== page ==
There is a wonderful bill authored by none other than Ron Paul that calls for a complete audit of the Federal Reserve. At first mostly Republicans were getting on board, but now even the democrats are getting wise to the idea that the FED is doing things above and beyond their charter and they are staring to take the FDIC along with them.

Democrat Alan Grayson has now pledged to rally democrat support, and this should bring even more pressure on those that would vote against such a measure. There is an online petition available here, but please note that while Economic Disconnect is all aboard this bill, the site hosting the petition is pretty far left politically and my participation in the online petition in no way is an endorsement for the site in general.

More to Every Story
Last week I had linked to the NY Times story that was written by one of their own business writes about his journey into foreclosure and bankruptcy. While forthcoming and honest, there did seem to be some more under the surface that was glossed over.

Loyal reader GawainsGhost points us to this Atlantic piece by the writer Megan McArdle who found out some more information.
It seems the NY Times writer has been through the bankruptcy process before, as his wife has done it twice. This adds to the drama of the story, but his own personal life I think is his own. Still, worth a look to get a fuller picture of what was going on.

Home Depot CEO vs Ben Bernanke on Housing
The great blog Bubble Meter picked up on words of caution given by Home Depot CEO Frank Blake (via Financial Times):
Growing optimism over the US housing market may be premature, a leading retailer warned on Tuesday.
Frank Blake, chief executive of Home Depot, said housing market signals were still mixed.
"We are concerned about the accelerating rates of foreclosures, particularly in the western part of the country," he said, noting that one out of every 54 homes in California was in foreclosure.
Mr Blake said that a slowing foreclosure rate in California during the fourth quarter had led to an improvement in regional store sales but the trend had then reversed as foreclosure rates rose again in the first quarter.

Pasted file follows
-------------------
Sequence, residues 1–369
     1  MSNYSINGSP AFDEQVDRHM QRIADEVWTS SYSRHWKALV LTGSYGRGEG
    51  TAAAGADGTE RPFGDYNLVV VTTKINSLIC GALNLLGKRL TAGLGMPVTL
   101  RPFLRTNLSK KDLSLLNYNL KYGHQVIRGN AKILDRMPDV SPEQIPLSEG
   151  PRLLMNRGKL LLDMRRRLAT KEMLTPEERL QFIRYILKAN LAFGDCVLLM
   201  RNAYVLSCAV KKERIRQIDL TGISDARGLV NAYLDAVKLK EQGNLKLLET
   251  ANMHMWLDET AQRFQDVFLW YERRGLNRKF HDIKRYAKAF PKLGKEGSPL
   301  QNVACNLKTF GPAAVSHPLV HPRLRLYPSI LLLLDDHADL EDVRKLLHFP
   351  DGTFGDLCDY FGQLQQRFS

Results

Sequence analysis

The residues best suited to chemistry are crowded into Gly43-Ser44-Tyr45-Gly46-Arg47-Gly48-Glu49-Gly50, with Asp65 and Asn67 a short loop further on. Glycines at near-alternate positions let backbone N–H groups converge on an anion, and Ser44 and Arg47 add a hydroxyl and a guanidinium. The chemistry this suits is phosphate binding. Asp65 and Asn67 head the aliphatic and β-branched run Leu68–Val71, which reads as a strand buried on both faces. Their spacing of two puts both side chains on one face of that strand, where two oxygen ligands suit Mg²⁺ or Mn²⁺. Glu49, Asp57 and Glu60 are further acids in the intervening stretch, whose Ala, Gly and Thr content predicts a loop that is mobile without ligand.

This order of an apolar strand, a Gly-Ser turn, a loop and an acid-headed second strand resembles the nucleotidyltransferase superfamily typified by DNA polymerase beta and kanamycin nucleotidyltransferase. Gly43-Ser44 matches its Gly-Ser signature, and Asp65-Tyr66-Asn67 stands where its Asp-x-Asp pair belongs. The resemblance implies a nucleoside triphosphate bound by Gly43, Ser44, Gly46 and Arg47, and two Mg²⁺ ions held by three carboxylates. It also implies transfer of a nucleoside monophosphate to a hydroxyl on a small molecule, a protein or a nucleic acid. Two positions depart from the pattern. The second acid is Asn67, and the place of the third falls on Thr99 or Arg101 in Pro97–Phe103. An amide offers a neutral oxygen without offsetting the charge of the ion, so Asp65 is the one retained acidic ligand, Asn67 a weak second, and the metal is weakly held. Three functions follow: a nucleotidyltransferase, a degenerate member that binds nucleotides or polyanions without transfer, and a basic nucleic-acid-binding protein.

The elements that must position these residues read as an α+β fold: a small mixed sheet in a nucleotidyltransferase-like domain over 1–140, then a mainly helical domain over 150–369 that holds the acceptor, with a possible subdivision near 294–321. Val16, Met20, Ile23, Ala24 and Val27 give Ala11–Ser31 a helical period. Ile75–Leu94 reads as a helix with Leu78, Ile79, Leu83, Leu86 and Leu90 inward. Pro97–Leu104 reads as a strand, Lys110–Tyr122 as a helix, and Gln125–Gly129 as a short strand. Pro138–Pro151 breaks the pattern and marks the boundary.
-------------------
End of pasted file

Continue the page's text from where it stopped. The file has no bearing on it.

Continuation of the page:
The shift "provides a cautionary note on signalling a recovery prematurely", he said. "Before we see real improvement we believe we need to see sustainable deceleration in foreclosures."
There were 342,038 foreclosure filings in April, according to data from RealtyTrac, an increase of 1 per cent from the previous month and up 32 per cent from last year.

Ben Bernanke still sees growth and a housing turnaround in 2009 (it is now mid May) but the CEO of arguably the most directly effected company by real estate trends says otherwise. Who are you going to believe?

Thursday Downgrade Avalanche
The big news of the day was the debt downgrade of the United Kingdom by ratings firm Standard & Poor's (S&P). While the validity of the ratings by many of the rating firms can be questioned, they still move markets and have bearings on holders of various debts, bonds, etc. S&P cited ever rising debt accumulated by the UK as they try to spend their way out of a overspending led recession. This mantra may sound familiar.

Mish has a "Parade of Downgrades" up this evening and I would recommend you take a look.
Among the downgrade (or soon to be downgraded) club today:
United Kingdom
Spain (several big banks probable)
Hungary (several big banks)
Irish Banks (again!)

Mish closes with one performer that has not been downgraded: GOLD

While countries the world over are playing the print-o-rama of money game, gold has quietly had another good run. Economic Disconnect is a huge fan of Gold (and Silver) but has been caught flat-footed by the recent rally and too busy to work out new entry points. I will make some solid commitments over the weekend and then put them in play next week. I am looking at a spread between GLD, SLV, GG, and PAAS. I will of course share those trades in case you would like to lose a bunch of money by doing what I do. You are warned!
Full Disclosure: Long gold and silver through various channels in positions in place since 2002-2005. No currently active positions taken out since 2006.

Break Up California???
With the situation in California quickly moving to crisis stage, ideas on what to do are sure to spring up. While the debate may be fun, we all know a Federal bailout and guarantee will be coming very soon. Still, that is no fun to write about!